• Islam is emphatic that even in times of conflicts, harming non-combatants is absolutely prohibited
• In one of his traditions recorded in Musnad Ahmad, Prophet Muhammad described those who harm non-combatants as “the worst transgressors to Allah”
The abduction of two Cuban doctors working in Mandera by al Shabaab has once again ignited concerns about the precarious security situation in the region.
The medics were spirited across the border to Somalia and Kenyan troops are engaged in a rescue operation. A police officer was killed in the ambush while another is nursing injuries.
Due to security concerns, the government recalled Cuban doctors who had been posted in Garissa, Wajir, Tana River and Lamu—areas which border with Somalia. The departure of the medics rekindles memories of the mass withdrawal of non-local teachers from Mandera, Wajir and Garissa, which greatly affected studies in schools.
The doctors, part of the exchange programme between Kenya and Cuba, were providing crucial health services to residents of Mandera. For the last eight months, thousands of residents from Mandera and neighbouring Ethiopia were beneficiaries of improved medical services.
While Kenyan troops continue their pursuit of the abductors in Somalia, an intense security operation is underway in Mandera to smoke out those who played a role in the abduction.
The second Muslim Caliph Abubakar Siddiq, who expressly forbade harming women, children, monks and other innocent people during a state of war. These Islamic rules of war were the forerunners of the modern law of armed conflicts as captured by the Geneva Convention
On this, the government needs to be cautious and see to it that there is no victimisation of innocent people. This could fuel mistrust and animosity between residents and security agents, which is counterproductive.
In the past, residents have complained of collective punishment inflicted by security agents in the aftermath of terrorist attacks. This has dampened cooperation between local communities and security agencies.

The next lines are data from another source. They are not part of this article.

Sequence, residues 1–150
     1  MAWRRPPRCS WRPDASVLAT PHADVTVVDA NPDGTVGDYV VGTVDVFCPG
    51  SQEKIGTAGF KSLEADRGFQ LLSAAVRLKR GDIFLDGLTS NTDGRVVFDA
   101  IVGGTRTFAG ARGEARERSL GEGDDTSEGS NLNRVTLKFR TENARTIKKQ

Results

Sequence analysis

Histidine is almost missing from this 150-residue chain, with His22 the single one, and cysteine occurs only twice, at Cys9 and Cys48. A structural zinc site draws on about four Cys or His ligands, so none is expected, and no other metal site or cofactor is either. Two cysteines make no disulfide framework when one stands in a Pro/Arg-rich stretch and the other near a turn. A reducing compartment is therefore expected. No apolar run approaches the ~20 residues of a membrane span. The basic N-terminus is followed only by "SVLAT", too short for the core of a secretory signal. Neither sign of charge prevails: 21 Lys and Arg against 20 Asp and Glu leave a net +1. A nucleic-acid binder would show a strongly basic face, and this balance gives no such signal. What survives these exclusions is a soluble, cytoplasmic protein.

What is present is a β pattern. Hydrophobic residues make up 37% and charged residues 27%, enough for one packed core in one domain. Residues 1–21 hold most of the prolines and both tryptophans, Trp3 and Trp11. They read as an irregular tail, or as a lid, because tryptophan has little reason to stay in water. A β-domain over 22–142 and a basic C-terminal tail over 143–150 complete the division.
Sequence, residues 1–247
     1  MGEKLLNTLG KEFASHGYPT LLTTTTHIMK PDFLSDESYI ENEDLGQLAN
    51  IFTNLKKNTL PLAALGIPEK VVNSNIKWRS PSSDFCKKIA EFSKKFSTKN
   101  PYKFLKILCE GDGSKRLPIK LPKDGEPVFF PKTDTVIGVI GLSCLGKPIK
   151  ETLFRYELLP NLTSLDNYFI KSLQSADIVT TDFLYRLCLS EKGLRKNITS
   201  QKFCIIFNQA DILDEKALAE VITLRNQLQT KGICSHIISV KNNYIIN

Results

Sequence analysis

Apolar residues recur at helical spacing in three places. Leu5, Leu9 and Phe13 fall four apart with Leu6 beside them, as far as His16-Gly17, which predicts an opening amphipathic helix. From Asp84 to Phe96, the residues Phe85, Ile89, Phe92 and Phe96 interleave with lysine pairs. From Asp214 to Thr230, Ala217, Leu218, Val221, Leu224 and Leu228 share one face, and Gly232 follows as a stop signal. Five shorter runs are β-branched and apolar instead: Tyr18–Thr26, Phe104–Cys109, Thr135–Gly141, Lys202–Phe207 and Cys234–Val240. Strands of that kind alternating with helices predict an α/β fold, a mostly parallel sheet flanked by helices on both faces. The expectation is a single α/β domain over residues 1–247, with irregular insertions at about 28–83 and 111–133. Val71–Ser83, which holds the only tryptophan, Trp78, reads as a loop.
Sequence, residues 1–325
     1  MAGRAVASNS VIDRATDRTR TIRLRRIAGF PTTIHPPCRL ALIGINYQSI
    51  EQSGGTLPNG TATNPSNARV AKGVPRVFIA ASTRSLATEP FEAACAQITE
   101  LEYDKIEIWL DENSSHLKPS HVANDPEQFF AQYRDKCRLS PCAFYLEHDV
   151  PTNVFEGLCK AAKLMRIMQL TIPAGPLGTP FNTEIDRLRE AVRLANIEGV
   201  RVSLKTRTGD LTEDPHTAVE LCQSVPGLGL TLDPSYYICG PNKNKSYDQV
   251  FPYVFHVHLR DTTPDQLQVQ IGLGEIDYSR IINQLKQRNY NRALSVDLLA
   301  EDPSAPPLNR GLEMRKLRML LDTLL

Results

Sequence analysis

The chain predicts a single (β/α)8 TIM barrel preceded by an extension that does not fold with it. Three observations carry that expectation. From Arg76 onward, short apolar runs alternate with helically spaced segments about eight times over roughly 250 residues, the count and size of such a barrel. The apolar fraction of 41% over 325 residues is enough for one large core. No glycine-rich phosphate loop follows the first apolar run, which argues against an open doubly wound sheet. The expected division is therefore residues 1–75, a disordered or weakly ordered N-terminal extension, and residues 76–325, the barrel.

While al Shabaab claims that its ultimate goal is to establish a government in Somalia based on Islamic principles, their unjustifiable activities which often times lead to loss of lives, injuries and displacement of innocent people, clearly go contrary to Islamic teachings. Islam is emphatic that even in times of conflicts, harming non-combatants is absolutely prohibited.
The concept of civilian protection is firmly established in Islamic scriptures, which give immunity to those who do not actively engage in a conflict. According to these principles, non-combatants are not to be harassed, threatened, driven out of their homes, abducted or killed.
In one of his traditions recorded in Musnad Ahmad, Prophet Muhammad described those who harm non-combatants as “the worst transgressors to Allah”.
Among the horrendous justification being made by groups such as al Shabaab to harm civilians is that they are reciprocally justified in harming civilians because non-Muslim armies are fighting against them.
This argument is repudiated by the famous edict of the second Muslim Caliph Abubakar Siddiq, who expressly forbade harming women, children, monks and other innocent people during a state of war. These Islamic rules of war were the forerunners of the modern law of armed conflicts as captured by the Geneva Convention.
It is clear that the abducted Cuban doctors were in the country purely on a humanitarian mission to provide medical services to people who have had difficulty accessing quality healthcare.
It was a great sacrifice on their part to leave their homes and travel thousands of kilometres to serve in an area considered a hardship zone to give a better life to the people of Mandera.
Instead of helping to save lives, which was their cardinal responsibility, they are now being held in harsh and dreadful conditions in an unfamiliar terrain across the border in Somalia. Their families back home in Cuba have been left in a state of pain and anguish, not knowing the fate of their loved ones.
The Cuban doctors were praised for transforming services in Northeastern, which faced a shortage of qualified doctors due to the reluctance of medics to move to the area because of security concerns.
Just like the withdrawal of teachers, which left the region in an education crisis, the departure of the doctors would no doubt affect health services and patients will have difficulty accessing specialised care.
One of the cardinal principles of Islam is the protection of the sanctity of life. Islam prohibits harming non-combatants and there is no justification whatsoever in harming, abducting or killing the innocent, even as retribution, which many extremist groups today use as justification for attacks against innocent people.
Head of media, Jamia Mosque Committee